21) Nora Jane Struthers and the Party Line “Carnival”
Nora Jane was my summer celebrity crush. If ever given the change to see them live, you too will fall in love. It’s as if “Barn Dance” was written for the dance tent at summer bluegrass festivals. Bearfoot couldn’t hold her for long. Hopefully the “Party Line” is a more permanent project.
22) Steep Canyon Rangers “Tell the Ones I Love”
Not too different from the previous, and probably about the same as the next. They still put out the most consistent modern bluegrass and one of the best live shows I’ve seen in 2013. The low point for me is “Bluer Words Were Never Spoken”. It sounds too much like Railroad Earth trying to sound like the Grateful Dead. Highlights are the title track, “Lay Myself Down” and “Stand and Deliver”.
23) Children of Bodom “Halo of Blood”
I give this the same review as the Dark Tranquillity album. This was a Children of Bodom album. Nothing really stuck out to me, but overall it provided good background music during work. The cover of Roxette’s “Sleeping in my Car” was a change in feel and obviously a cover even to those that hadn’t heard the original. It made an obvious choice for the piano cover as I wasn’t about to pick out a Janne Wirman solo.
24) Flower Kings “Desolation Rose”
This album came out on the same day as the Ayreon album and it took a quick lead in what was otherwise a progressive rock overload week. The playcounts show otherwise, but it’s solid kings.
25) Stephen Kellogg “Blunderstone Rookery”
Sometimes I feel that Stephen Kellogg tries too hard to make his audience feel. In “I Don’t Want to Die on the Road” Stephen compares himself to La Bamba and Stevie Ray Vaughan while hoping he doesn’t follow in the final footsteps of a tragic, early death. “Forgive You, Forgive Me” was stolen from Tom Petty’s notebook. While 10 minutes long, “Thanksgiving” holds my interest though from other Kellogg songs we know this is not autobiographical. “The Best” is where Kellogg employs some indie cliches by adding unharmonized and over-reverbed “Oh” and “Ah”s. However, that song seemed to make the best solo piano version.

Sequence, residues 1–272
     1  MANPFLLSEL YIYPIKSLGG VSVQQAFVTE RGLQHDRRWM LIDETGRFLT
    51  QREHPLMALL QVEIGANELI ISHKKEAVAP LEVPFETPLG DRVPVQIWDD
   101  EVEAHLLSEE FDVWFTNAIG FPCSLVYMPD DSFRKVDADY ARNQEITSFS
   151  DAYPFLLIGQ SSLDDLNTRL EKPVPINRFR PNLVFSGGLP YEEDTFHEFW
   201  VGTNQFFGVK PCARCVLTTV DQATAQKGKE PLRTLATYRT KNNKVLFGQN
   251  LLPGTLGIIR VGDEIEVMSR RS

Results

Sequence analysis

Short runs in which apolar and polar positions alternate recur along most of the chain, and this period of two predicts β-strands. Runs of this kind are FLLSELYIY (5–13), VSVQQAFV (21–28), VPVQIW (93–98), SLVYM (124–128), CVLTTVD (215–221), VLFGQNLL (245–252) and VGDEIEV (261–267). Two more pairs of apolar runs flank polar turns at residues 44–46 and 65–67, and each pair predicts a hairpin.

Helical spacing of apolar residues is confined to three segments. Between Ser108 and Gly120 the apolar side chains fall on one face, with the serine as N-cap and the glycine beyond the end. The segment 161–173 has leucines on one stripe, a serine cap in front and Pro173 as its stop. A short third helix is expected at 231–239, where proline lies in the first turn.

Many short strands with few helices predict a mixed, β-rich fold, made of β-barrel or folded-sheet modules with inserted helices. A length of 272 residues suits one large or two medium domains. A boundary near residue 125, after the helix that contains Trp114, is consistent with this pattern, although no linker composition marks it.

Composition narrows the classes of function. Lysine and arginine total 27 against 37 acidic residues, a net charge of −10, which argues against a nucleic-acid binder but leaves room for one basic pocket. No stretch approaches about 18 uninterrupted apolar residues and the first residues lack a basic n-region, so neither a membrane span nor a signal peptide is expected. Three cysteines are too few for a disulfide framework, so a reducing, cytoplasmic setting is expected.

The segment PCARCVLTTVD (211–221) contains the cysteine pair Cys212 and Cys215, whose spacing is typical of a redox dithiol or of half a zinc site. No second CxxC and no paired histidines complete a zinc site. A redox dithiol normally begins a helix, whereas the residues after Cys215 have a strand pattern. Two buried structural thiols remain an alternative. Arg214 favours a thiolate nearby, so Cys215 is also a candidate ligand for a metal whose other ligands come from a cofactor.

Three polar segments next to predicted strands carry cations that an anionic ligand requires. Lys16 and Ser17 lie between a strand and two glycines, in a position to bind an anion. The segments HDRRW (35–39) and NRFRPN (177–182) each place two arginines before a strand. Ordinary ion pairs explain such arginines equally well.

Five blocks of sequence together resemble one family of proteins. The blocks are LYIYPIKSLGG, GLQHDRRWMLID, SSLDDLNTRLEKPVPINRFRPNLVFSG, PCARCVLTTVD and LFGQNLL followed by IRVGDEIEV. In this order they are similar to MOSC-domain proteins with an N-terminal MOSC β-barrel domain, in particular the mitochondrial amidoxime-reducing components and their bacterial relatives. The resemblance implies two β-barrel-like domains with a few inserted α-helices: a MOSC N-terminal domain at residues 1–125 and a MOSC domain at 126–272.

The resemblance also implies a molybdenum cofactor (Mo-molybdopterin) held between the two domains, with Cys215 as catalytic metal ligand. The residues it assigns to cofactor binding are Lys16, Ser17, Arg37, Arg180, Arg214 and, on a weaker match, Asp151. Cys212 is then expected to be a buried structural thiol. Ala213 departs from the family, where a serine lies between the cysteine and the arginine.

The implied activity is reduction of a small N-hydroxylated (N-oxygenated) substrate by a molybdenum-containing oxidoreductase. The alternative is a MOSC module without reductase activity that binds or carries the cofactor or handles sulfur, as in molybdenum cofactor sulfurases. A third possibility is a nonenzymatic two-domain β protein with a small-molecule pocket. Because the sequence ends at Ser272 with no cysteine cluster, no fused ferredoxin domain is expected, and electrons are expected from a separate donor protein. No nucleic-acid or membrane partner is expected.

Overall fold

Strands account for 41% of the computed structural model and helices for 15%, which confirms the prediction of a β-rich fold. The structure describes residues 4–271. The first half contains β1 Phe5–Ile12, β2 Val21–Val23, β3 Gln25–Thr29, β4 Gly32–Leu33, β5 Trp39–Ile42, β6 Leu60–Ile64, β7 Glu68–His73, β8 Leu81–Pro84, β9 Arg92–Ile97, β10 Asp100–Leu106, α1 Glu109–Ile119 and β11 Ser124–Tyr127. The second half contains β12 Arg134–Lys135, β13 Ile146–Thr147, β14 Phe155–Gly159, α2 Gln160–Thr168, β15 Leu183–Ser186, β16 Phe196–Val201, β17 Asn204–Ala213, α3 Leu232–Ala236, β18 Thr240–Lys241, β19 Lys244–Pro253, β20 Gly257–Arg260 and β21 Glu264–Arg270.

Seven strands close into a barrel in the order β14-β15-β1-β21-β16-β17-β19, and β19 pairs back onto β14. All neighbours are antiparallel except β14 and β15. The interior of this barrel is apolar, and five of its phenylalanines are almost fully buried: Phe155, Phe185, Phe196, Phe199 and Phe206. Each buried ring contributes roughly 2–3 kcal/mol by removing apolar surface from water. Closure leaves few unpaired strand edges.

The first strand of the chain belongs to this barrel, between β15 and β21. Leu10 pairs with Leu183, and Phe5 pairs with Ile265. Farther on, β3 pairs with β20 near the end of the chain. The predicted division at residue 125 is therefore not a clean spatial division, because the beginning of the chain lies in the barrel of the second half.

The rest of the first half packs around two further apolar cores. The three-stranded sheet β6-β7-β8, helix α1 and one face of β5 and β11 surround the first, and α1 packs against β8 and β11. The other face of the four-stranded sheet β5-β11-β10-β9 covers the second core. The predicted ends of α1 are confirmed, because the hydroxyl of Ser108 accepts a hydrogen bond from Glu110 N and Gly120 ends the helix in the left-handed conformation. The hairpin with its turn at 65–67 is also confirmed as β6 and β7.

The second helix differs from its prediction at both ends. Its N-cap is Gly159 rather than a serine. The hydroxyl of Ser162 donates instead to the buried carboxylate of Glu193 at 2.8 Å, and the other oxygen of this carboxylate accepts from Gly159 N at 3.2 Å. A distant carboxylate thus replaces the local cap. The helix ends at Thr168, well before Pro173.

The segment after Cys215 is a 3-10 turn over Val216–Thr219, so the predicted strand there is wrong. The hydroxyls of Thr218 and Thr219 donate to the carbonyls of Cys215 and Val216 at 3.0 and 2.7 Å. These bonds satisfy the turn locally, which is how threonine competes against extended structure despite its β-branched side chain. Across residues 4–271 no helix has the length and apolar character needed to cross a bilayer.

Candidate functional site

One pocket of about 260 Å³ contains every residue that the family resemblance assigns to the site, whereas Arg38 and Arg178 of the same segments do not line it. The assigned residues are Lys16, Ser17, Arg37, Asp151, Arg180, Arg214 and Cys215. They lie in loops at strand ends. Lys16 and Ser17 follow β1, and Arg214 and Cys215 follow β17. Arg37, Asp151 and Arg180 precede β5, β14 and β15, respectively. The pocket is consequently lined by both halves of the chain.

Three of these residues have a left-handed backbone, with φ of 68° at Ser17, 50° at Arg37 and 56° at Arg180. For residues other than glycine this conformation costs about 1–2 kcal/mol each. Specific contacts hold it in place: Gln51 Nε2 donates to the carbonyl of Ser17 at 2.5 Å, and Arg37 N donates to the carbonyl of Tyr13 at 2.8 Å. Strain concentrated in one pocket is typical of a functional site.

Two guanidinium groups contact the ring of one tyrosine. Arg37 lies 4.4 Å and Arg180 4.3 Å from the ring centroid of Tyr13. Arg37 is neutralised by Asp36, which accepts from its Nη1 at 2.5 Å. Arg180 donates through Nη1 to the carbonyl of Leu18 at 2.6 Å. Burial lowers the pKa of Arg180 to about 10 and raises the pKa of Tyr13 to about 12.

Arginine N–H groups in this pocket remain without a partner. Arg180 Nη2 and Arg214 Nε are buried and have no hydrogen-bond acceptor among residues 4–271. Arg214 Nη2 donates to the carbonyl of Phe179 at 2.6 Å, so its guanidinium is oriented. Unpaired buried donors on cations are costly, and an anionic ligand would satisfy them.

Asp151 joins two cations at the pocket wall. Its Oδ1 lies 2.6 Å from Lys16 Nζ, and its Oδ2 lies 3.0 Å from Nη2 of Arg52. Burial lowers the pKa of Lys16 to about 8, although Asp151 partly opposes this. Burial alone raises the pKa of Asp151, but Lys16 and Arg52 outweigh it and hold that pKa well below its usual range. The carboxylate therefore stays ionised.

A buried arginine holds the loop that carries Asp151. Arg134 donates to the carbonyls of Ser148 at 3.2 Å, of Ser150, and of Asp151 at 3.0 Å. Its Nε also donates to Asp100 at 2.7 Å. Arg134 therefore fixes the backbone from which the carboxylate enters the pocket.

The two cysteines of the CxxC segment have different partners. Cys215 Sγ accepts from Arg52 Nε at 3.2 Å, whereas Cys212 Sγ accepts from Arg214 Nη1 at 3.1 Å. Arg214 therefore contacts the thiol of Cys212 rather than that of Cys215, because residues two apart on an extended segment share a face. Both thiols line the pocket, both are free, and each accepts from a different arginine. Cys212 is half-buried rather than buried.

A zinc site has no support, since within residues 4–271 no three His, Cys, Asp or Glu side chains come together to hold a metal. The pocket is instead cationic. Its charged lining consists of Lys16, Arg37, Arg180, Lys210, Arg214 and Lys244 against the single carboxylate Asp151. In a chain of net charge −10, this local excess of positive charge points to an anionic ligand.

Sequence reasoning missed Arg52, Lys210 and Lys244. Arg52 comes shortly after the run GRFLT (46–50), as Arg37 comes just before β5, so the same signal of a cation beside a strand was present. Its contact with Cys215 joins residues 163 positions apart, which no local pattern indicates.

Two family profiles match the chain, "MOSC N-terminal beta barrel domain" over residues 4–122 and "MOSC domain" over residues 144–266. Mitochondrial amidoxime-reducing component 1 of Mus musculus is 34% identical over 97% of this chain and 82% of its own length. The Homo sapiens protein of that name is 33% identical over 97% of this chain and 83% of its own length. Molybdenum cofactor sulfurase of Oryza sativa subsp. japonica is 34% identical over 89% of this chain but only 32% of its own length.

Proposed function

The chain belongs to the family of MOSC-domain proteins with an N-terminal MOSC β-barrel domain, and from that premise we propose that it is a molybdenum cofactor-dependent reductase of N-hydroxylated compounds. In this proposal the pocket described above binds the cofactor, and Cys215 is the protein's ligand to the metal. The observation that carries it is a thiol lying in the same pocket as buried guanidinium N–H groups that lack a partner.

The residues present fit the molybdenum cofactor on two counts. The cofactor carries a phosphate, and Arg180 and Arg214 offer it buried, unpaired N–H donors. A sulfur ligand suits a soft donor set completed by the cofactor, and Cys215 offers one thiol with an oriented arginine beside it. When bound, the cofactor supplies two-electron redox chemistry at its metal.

26) Milk Carton Kids “The Ash & Clay”
I’m sure I’m not he first to say this, but the Milk Carton Kids are a unique blend of the Everly Brothers, Simon & Garfunkel and Gillian Welch & Dave Rawlings. Even the guitar noodling is taken out of the Dave Rawlings book of guitar noodling.
27) Blitzen Trapper “VII”
I, like many others, was introduced to Blitzen Trapper after the song Furr gained some attention. It was a somber folky song that was written to make old people cry as a series of old timey photos appear on the screen re-caping a life. This album had none of that. It is lumberjack funk and groovy in a way that suggests it doesn’t know what decade it belongs in. I may have not given this album a second spin had it not had the Blitzen Trapper name. But I did, and on repeated listens it grew on me.
28) Slaid Cleaves “Still Fighting the War”
The only Austin based alt-country star on the list takes a deep spot. “Texas Love Song” plays like a John Prine or Hayes Carll back-and-forth song, even though it’s just Slaid. It shares the humor, at least. And good thing for Slaid, lots of words rhyme with Texas.
29) Josh Ritter “The Beast In Its Tracks”
This album was a bit more striped down than previous efforts. Most songs would work fine with just Josh and a guitar, and some added reverb.
30) Larkin Poe & Thom Hell “The Sound of the Ocean Sound”
Larkin Poe released a lot of albums shortly after they formed, mostly EPs. This albums was something a bit different as it introduced a male vocalist/songwriter in Thom Hell, though it still sounded to me like a Larkin Poe album at heart. Thom did add some impressive range and dynamics to the vocals sounding like Art Garfunkel at times.